The new head of the Department of Information and Communications Technology (DICT) said that a key part of his ICT agenda is to look for ways to narrow the gaping digital divide in the country, one of which is to bring connectivity to the most isolated areas of the country.
DICT Secretary Ivan Uy in a recent webinar hosted by the Philippine Chamber of Commerce and Industry said improving digital connectivity in the most remote and depressed parts of the archipelago is one of his marching orders as he takes over the reins of the agency.
He underscored the importance of establishing digital connectivity in far-flung areas, which suffer the biggest developmental setbacks due to lack of access to digital infrastructure even as more and more areas elsewhere are benefitting from connectivity. He said the introduction of low earth orbit (LEO) satellites such as Starlink satellites is among the solutions seen to connect these unlinked communities.
LEO satellites—pieces of electronic equipment that circle around the earth at relatively lower altitudes—are said to be the technology that will revolutionize the internet by connecting hard-to-reach rural communities.
In May, the National Telecommunications Commission approved the registration of Starlink Internet Services Philippines Inc., a subsidiary of SpaceX that will be providing satellite internet service to the country.
“We do look forward to many other players coming in to provide this type of service. This is an ideal platform that could synergize with all the other different platforms that we have, especially in those remote and geographically isolated communities,” Uy said.
LEO satellite service has brought down internet cost significantly while providing “quite reasonable” bandwidth of 100 to 200 MBPS, which is more than enough to provide connectivity to these areas initially, he added.
Uy said he is also eyeing the enhancement of spectrum management, which is the process of regulating the use of radio frequencies to promote efficient use and gain a net social benefit. He acknowledged criticisms that “there’s really not much organization and policy done and good study made on how our spectrum allocation should be handled.”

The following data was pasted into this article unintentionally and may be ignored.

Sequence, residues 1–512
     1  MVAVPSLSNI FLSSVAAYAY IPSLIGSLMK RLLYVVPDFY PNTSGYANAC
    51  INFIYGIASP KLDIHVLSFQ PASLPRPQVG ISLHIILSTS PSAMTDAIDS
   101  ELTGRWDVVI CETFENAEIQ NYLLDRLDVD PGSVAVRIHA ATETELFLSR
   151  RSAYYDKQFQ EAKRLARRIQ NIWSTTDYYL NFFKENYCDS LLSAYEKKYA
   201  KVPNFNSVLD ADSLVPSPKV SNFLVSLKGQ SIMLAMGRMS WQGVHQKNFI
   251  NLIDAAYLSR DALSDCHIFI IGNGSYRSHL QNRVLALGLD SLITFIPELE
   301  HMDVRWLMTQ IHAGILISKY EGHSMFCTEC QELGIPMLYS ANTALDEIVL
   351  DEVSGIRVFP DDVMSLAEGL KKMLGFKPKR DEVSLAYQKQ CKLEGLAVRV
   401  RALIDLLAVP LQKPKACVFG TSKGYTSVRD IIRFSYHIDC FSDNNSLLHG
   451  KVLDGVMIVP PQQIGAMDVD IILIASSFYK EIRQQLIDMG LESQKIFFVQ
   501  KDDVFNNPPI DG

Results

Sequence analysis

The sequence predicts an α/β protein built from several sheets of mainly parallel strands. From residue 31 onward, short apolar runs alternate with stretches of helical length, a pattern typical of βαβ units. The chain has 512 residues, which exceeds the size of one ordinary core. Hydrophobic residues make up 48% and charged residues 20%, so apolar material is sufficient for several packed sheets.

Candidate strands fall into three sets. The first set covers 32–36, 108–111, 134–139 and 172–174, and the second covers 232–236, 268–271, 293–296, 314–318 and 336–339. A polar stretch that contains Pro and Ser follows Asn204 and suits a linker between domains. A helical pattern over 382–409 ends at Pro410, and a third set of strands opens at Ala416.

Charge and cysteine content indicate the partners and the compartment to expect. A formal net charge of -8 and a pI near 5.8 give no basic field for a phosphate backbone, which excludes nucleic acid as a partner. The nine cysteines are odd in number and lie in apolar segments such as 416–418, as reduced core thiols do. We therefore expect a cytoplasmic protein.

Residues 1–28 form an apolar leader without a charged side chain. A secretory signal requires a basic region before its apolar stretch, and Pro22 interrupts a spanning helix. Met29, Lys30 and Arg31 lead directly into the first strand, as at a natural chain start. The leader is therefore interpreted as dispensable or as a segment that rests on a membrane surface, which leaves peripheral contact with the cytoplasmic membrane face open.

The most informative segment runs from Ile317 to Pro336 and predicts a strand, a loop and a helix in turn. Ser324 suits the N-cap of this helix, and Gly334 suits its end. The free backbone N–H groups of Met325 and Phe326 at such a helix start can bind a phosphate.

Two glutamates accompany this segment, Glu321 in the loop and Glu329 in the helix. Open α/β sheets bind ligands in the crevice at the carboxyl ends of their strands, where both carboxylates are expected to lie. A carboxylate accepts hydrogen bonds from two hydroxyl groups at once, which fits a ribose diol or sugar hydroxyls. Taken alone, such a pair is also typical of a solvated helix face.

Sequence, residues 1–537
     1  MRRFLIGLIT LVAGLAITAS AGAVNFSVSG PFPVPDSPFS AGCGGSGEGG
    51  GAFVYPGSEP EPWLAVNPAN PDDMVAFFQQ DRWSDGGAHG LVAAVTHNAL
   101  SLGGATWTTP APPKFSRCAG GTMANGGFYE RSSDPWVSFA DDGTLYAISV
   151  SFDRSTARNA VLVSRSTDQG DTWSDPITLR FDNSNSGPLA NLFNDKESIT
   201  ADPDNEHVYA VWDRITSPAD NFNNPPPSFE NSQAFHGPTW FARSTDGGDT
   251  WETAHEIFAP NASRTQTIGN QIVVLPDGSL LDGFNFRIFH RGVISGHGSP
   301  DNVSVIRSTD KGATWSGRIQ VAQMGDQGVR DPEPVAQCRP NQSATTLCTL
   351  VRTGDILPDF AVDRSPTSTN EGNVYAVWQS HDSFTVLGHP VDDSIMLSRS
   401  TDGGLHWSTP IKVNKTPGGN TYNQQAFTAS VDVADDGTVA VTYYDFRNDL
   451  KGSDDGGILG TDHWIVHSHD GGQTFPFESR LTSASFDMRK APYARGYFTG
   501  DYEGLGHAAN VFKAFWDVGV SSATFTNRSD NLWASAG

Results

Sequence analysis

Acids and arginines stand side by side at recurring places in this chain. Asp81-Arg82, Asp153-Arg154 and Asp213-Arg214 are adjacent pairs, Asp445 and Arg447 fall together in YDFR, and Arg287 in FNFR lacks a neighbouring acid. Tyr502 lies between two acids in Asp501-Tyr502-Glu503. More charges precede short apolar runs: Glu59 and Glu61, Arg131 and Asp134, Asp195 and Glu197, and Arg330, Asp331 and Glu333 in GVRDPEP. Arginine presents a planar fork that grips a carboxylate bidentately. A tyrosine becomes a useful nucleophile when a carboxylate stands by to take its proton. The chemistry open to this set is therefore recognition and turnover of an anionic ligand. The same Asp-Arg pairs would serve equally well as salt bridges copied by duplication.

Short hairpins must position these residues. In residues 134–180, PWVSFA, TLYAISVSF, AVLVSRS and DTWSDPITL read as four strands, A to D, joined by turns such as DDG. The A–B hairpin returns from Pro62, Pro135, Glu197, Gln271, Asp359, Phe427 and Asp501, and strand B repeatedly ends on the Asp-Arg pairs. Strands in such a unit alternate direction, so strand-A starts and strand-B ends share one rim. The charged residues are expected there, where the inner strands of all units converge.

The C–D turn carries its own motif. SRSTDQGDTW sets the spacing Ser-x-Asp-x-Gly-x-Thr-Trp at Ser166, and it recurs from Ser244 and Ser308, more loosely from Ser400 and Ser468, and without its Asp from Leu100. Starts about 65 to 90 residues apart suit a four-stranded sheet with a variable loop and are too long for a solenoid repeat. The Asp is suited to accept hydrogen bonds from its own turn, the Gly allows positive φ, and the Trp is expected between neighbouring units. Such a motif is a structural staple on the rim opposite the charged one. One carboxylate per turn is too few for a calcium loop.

He said he looks forward to working with the industry, NGOs and international organizations on the best practices for rationalizing spectrum management.
The executive also revealed his legislative agenda, saying he welcomes the enactment into law of several measures needed to build a “more digitalized Philippines,” citing in particular the recently passed Public Service Act as a key legislation set to open up the telecommunications sector to more international investments and better access to technology.
Another area he plans to look into is the amendment of the National Building Code to require property developers to install not just power and water connectivity but data and telecommunications infrastructure as well before a permit to occupy is issued for the building.
“This will be good legislation to pass so that it will allow for faster and better connectivity” and enable the rise of smart buildings, Uy said.
“Hopefully by legislation we can update many of the really, really old laws that we have on telecommunications and make [them] more relevant in this day and age with internet connectivity being at the forefront of our digitalization efforts,” he said.